Is Hiring a Consultant Better Than an Employee?

Hiring a Consultant

Casper, Phillips & Associates (CP&A), based in Tacoma, USA, has seen a rise in demand for its engineering design services, leading to the conclusion that companies have decided that it is better to hire a consultant rather than taking on an employee, and is looking further at the benefits of this.

(Photo above: Ship to Shore container cranes. CP&A provided structural design services for these two cranes. They are equipped with the BASIS damper.)

According to Richard Phillips, mechanical engineer at CP&A, the advantages to companies outsourcing work reduces the cost of a salaried employee and associated taxes and health care with that as well as overhead costs of hiring an office space and computers. It could also solve the current problem of labor shortages in finding someone who has the right skills and experience and staff training.

“We don’t want to work for our clients as their employees. Therefore, all our engagements are closed-ended. We determine how many program days are required to do a project, and charge for them, and only them. On successful completion of a project many clients then ask us to help with other projects, continuing the relationship. But, when the final program day comes, we move on to the next project,” said Phillips.

“Our primary goal is to give our clients a competitive advantage over the competition. We are essentially a team that can be quickly hired and laid off without any onboarding costs or severance packages. If I were an employee, I’d strive for the opposite: permanence and dependency.

“Our clients pay nothing into a 401k [profit-sharing plan that allows employees to contribute a portion of their wages to individual accounts] on our behalf, and because we are outside vendors, the typical employee taxes and benefits don’t apply. We have our own computers, software, office space, etc. While we may charge multiples of what typical employees are paid, we can be more cost effective, because we don’t have any idle time. In other words, our work is 100% put towards production. We don’t bill for typical overhead costs such as estimating, writing proposals, and other non-billable tasks that employees need to perform.

“Another competitive advantage is the fact that we are outside experts. Our clients don’t currently have our capabilities, ideas, experience, or capacity to innovate. And we can be objective and work only at the margins of company politics. We’re not there to fit in, but to help them to stand out.”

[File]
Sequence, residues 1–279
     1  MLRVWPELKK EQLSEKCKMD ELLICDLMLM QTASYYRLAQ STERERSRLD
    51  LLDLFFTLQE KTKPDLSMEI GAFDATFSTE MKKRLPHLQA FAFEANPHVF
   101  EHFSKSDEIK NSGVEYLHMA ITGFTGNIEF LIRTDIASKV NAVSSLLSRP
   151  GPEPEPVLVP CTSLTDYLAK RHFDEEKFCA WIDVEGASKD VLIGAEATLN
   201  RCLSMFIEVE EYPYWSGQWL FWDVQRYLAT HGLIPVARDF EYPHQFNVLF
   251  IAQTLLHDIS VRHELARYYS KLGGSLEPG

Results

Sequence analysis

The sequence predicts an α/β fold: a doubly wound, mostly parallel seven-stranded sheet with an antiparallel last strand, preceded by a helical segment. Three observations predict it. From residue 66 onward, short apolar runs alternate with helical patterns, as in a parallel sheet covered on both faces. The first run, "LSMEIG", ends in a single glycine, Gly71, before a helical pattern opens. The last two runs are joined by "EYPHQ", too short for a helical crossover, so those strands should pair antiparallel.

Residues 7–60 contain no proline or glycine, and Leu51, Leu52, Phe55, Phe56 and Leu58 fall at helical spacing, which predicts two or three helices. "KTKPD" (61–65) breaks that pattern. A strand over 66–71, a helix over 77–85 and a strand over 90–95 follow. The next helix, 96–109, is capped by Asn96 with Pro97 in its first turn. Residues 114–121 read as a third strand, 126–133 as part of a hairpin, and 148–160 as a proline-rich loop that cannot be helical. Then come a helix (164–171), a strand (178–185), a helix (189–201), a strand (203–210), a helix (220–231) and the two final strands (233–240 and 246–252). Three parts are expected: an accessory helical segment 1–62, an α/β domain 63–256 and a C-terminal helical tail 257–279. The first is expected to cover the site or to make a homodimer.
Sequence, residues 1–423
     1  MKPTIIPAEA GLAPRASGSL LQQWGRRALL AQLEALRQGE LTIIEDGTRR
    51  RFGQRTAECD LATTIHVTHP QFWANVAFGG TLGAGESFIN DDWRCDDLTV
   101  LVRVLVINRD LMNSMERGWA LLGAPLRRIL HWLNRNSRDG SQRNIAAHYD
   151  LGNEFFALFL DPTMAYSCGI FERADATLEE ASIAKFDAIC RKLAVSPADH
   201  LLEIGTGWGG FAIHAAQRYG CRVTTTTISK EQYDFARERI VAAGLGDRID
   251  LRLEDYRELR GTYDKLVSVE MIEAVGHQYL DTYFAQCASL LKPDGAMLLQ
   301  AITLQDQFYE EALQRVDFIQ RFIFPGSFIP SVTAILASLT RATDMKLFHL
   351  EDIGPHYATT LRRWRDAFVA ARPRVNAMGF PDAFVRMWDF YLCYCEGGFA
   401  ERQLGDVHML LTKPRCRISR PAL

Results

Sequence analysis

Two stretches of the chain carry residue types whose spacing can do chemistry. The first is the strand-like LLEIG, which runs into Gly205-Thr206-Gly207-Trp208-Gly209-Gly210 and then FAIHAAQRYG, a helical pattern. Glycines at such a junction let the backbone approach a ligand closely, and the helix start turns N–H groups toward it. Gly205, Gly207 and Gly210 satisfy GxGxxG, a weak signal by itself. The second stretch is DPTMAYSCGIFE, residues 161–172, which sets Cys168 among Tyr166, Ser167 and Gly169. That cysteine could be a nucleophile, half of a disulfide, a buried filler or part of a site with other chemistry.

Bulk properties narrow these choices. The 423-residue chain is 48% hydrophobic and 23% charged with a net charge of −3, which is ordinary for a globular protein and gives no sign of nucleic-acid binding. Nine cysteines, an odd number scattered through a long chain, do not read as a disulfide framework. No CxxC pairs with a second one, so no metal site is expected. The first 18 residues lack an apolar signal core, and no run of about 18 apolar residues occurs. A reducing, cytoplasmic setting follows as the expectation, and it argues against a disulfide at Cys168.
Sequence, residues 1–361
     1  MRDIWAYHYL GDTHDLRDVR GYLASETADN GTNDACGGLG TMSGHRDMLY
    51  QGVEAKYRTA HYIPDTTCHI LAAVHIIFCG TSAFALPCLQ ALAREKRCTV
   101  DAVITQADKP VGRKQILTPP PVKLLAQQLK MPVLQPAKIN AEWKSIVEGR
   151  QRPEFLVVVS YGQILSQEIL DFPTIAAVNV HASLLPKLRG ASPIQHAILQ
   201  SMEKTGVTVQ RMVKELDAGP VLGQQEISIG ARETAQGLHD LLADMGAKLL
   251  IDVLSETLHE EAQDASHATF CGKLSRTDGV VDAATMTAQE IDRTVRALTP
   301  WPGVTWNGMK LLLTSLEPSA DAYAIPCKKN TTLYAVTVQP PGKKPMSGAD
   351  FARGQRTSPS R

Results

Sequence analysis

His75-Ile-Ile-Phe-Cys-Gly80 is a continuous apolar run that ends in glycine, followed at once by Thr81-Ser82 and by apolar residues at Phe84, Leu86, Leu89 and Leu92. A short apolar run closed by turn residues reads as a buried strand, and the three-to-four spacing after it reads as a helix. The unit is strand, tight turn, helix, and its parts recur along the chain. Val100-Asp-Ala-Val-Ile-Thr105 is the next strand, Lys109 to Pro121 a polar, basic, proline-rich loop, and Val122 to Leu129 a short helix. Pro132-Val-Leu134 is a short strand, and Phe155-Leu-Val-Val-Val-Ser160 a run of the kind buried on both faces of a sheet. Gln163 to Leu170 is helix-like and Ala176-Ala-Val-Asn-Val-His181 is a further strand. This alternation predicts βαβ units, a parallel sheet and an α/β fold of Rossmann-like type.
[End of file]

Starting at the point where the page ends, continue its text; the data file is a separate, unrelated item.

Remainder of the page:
Clients who have previously worked with CP&A include National Oilwell Varco’s AmClyde brand, where CP&A provided the structural design of two different Whirley cranes for Ingalls Shipyard. Additionally, CP&A has provided design services to container crane manufacturers such as DHHI, DOOSAN, HHMC, IMPSA, and ZPMC. In the overhead crane industry, CP&A has provided structural and mechanical designs that were built by American Crane & Equipment Corporation.

Phillips added, due to the labor shortage issue, a lot of companies have been looking more into the idea of outsourcing, to see if it’s better than hiring someone full-time.

“There are advantages such as not having to carry out a training period, because we are already experienced engineers. We all know how to work together and although our billing rates may be higher, it’s justifiable because they don’t have to pay for benefits, employment taxes or pension funds,” he added.

“There’s two ways to do cranes. There’s design-build, where companies hire us to work under the fabricator. And then there’s design, bid and build, where we design the crane and support the owner in a bidding contract.”

CP&A also specializes in designing cranes that can survive an earthquake, otherwise known as seismic analysis.

The company received many requests from various ports following the earthquake in Turkey on February 6, 2023, when a 7.8 magnitude earthquake rocked the country southeast near the Syrian border. CP&A designed a set of container cranes equipped with an anti-systemic system for DHHI for Asyaport in Turkey that were designed for a D3 level earthquake. A D3 level earthquake is a maximum considered earthquake that is expected to occur once in approximately every 2,500 years.

“When you design a crane for an earthquake, the minimum that you must do is make sure the crane doesn’t collapse. It doesn’t have to be operational, and workers must be able to get off the crane safely. However, BASIS [crane base anti-seismic isolation system] will allow a crane to be operational after a much higher magnitude earthquake, keeping the top structure stable using special friction dampers as the ground shifts beneath it. We set the friction dampers to slip at a certain force so that the friction dampers do not slip during normal operation,” said Phillips.

“It’s an innovative use of technology, which existed before we designed the BASIS system, but only in buildings in certain seismic regions such as Asia, South America, and West Coast USA. We are the first to use friction dampers for base isolation in the crane industry.”

Learn more about CP&A at www.casperphillips.com.

CP&A was an integral part of the DHHI design team for a 10,000 tons per hour ship loader.

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